Extremely hot temperatures have been linked to low soil moisture in southeastern Europe, but not in central Europe, finds an observation-based study online this week in Nature Geoscience. This shows that climate models correctly represent the relationship in southeastern Europe, but have overestimated the links in central Europe.
Martin Hirschi and colleagues analysed observational indices for soil moisture and temperature. They compared the relatively wet central European region with a dryer area in southeastern Europe and found that, whereas soil moisture affected the occurrence of extreme summer heat in the dryer regime, only a weak relationship was detected in the wet domain. Because soil moisture builds up over longer timescales, an impact of soil moisture deficits on extreme heatwaves could help with the development of early-warning systems.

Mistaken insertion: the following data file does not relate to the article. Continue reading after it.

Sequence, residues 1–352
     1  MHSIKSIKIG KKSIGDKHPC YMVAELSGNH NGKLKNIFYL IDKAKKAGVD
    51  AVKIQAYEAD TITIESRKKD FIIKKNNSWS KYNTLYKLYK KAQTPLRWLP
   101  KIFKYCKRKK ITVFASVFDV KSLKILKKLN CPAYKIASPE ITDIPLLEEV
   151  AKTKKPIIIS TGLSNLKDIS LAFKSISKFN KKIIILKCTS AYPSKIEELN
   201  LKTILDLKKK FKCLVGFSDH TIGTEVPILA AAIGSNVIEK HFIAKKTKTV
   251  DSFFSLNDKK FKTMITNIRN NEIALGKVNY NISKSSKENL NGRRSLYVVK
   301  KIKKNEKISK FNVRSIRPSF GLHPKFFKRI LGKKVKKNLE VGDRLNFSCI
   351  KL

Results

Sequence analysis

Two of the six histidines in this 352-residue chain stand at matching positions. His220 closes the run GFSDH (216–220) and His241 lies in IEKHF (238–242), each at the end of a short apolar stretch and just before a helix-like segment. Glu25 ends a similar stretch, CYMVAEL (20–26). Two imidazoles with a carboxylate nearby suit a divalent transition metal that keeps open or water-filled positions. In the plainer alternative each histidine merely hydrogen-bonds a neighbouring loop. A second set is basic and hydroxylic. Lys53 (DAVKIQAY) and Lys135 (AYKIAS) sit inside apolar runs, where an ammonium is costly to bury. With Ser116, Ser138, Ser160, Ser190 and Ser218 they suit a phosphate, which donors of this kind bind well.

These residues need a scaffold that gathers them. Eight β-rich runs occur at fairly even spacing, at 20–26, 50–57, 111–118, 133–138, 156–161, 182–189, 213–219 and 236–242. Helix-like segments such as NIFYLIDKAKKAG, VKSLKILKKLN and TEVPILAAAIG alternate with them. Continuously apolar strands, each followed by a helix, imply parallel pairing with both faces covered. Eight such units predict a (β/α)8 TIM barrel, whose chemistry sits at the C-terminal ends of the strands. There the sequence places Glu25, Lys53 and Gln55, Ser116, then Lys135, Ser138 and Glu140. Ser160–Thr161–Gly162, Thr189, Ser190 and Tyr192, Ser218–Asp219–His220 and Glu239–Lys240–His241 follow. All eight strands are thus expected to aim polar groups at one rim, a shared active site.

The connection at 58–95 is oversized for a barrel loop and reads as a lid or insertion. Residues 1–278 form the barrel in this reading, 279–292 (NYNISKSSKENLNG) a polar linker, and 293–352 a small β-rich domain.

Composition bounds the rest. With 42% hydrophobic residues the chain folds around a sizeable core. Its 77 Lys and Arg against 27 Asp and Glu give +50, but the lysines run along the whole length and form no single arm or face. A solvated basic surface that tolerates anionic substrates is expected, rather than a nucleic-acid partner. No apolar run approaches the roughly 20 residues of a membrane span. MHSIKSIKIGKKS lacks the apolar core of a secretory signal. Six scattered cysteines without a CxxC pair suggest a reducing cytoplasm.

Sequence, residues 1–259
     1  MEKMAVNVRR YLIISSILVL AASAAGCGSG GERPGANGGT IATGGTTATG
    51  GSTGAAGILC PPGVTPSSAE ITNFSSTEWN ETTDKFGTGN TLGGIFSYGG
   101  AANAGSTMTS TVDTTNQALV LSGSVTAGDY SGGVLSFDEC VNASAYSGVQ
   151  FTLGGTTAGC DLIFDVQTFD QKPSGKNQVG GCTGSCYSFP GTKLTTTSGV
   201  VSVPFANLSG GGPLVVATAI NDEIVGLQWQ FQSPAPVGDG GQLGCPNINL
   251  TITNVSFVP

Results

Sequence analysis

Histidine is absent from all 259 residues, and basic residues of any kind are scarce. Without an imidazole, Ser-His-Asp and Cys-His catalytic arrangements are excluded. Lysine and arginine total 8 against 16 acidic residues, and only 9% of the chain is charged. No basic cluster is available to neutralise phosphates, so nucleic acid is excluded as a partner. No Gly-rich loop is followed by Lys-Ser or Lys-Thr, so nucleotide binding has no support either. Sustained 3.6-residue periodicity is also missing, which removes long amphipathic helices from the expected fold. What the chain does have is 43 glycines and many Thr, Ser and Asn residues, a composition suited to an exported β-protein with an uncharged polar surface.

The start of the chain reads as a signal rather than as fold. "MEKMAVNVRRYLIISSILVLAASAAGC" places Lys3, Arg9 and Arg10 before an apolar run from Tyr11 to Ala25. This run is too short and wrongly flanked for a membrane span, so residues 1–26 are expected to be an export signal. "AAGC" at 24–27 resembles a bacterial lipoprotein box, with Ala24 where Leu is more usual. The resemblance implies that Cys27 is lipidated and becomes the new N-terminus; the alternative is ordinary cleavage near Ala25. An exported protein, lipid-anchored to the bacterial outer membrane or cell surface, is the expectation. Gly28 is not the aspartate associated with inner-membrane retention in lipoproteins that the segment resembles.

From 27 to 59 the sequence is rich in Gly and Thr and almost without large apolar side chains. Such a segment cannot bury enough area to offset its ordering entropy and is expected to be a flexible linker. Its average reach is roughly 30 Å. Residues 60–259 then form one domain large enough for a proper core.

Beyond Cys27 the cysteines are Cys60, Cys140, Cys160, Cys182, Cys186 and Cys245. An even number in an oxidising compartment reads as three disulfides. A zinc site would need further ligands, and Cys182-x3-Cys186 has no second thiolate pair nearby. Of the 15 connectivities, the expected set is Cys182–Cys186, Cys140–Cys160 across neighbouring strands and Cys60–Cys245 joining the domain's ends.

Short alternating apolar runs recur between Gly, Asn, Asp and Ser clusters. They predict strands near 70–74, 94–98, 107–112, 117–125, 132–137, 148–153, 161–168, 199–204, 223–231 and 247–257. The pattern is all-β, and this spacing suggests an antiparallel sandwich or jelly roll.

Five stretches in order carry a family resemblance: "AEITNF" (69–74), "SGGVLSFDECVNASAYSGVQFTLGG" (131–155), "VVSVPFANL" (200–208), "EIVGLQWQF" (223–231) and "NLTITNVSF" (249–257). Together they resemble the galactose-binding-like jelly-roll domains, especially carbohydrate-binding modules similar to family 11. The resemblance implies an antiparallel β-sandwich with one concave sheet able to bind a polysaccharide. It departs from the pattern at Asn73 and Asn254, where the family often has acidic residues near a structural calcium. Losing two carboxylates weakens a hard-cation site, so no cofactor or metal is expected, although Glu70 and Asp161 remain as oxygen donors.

In an accompanying News and Views, Lisa Alexander says “The study by Hirschi and colleagues [...] suggests that in some regions [...], prediction of the most severe events could be improved.”
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